- (sometimes initial capital letter) a person who is lacking in or hostile or smugly indifferent to cultural values, intellectual pursuits, aesthetic refinement, etc., or is contentedly commonplace in ideas and tastes.
- (initial capital letter) a native or inhabitant of ancient Philistia.
- (sometimes initial capital letter) lacking in or hostile to culture.
- smugly commonplace or conventional.
- (initial capital letter) of or belonging to the ancient Philistines.
Origin of philistine
Examples from the Web for philistines
He was wrong, of course, even scripturally: the Philistines loved Goliath.Shaq, Year One
Charles P. Pierce
May 24, 2014
As for the war between the Philistines and the Jews, it never came to an end.Ancient Man
Hendrik Willem van Loon
She accordingly removed with her family into the land of the Philistines.Female Scripture Biographies, Vol. I
Francis Augustus Cox
Not one among them dares to give the philistines a slap in the face.His Masterpiece
I was in Gaza, gagged and bound; the Philistines hemmed me in.The Golden Age
"The Philistines be upon thee, Samson," cried Csar, and with that there was a struggle.The Manxman
- a person who is unreceptive to or hostile towards culture, the arts, etc; a smug boorish person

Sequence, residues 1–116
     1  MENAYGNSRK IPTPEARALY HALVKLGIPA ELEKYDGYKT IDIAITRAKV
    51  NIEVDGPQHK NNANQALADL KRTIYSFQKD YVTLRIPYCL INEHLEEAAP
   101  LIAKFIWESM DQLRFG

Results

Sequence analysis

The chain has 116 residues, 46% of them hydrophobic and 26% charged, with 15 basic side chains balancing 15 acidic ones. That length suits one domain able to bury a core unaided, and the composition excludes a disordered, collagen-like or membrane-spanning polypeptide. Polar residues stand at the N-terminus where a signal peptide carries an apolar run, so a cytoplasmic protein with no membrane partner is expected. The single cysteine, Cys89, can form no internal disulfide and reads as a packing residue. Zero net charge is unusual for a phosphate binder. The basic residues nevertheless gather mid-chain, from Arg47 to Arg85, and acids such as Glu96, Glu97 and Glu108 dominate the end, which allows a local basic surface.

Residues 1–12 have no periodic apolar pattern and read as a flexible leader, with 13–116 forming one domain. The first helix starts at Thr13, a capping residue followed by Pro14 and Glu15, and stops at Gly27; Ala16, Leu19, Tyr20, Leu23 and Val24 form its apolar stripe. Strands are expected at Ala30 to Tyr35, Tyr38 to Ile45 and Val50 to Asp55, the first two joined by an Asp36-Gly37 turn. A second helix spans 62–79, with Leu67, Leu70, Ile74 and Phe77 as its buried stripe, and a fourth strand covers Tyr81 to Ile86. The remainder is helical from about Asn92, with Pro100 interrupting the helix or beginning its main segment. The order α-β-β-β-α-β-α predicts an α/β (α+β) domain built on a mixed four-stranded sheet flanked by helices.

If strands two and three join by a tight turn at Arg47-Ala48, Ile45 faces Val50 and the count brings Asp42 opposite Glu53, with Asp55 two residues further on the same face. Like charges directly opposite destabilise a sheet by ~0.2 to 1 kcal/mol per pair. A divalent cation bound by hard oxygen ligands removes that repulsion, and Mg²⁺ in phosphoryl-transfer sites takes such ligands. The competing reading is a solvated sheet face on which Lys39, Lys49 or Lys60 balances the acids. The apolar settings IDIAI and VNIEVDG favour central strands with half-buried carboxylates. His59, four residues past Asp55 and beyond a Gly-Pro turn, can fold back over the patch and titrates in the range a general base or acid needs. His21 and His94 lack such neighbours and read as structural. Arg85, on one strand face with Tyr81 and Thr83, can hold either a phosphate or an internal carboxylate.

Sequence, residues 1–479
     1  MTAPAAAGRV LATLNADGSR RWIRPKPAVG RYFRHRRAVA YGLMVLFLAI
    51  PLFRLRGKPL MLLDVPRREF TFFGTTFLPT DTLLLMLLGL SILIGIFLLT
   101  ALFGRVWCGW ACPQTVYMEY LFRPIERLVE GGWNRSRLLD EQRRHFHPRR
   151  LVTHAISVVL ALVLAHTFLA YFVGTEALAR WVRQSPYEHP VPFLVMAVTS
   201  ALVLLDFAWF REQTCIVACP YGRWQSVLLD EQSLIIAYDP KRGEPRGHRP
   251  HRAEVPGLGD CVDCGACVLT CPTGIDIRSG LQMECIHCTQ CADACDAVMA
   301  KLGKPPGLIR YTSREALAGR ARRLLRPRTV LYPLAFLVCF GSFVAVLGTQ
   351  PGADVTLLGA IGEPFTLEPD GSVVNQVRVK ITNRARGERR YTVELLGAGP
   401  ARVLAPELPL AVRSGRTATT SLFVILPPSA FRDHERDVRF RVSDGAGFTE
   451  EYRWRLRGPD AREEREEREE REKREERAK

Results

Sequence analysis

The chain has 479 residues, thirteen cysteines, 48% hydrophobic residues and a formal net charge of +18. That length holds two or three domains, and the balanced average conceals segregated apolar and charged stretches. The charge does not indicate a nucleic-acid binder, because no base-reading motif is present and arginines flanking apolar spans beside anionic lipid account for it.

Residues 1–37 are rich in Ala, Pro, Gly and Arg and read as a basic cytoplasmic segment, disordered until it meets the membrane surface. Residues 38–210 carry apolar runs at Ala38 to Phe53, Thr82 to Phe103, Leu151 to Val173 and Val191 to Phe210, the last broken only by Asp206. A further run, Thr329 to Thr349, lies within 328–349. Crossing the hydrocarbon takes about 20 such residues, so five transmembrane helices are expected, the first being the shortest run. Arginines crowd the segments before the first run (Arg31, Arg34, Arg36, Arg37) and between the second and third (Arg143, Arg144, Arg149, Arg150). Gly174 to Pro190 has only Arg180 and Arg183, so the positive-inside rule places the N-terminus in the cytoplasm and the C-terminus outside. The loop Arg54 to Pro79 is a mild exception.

- a member of the non-Semitic people who inhabited ancient Philistia
- (sometimes not capital) boorishly uncultured
- of or relating to the ancient Philistines
Word Origin and History for philistines
Old Testament people of coastal Palestine who made war on the Israelites, early 14c., from Old French Philistin, from Late Latin Philistinus, from Late Greek Philistinoi (plural), from Hebrew P'lishtim, "people of P'lesheth" ("Philistia"); cf. Akkad. Palastu, Egyptian Palusata; the word probably is the people's name for itself.
"person deficient in liberal culture," 1827, originally in Carlyle, popularized by him and Matthew Arnold, from German Philister "enemy of God's word," literally "Philistine," inhabitants of a Biblical land, neighbors (and enemies) of Israel (see Philistine). Popularized in German student slang (supposedly first in Jena, late 17c.) as a contemptuous term for "townies," and hence, by extension, "any uncultured person." Philistine had been used in a humorous figurative sense of "the enemy" in English from c.1600.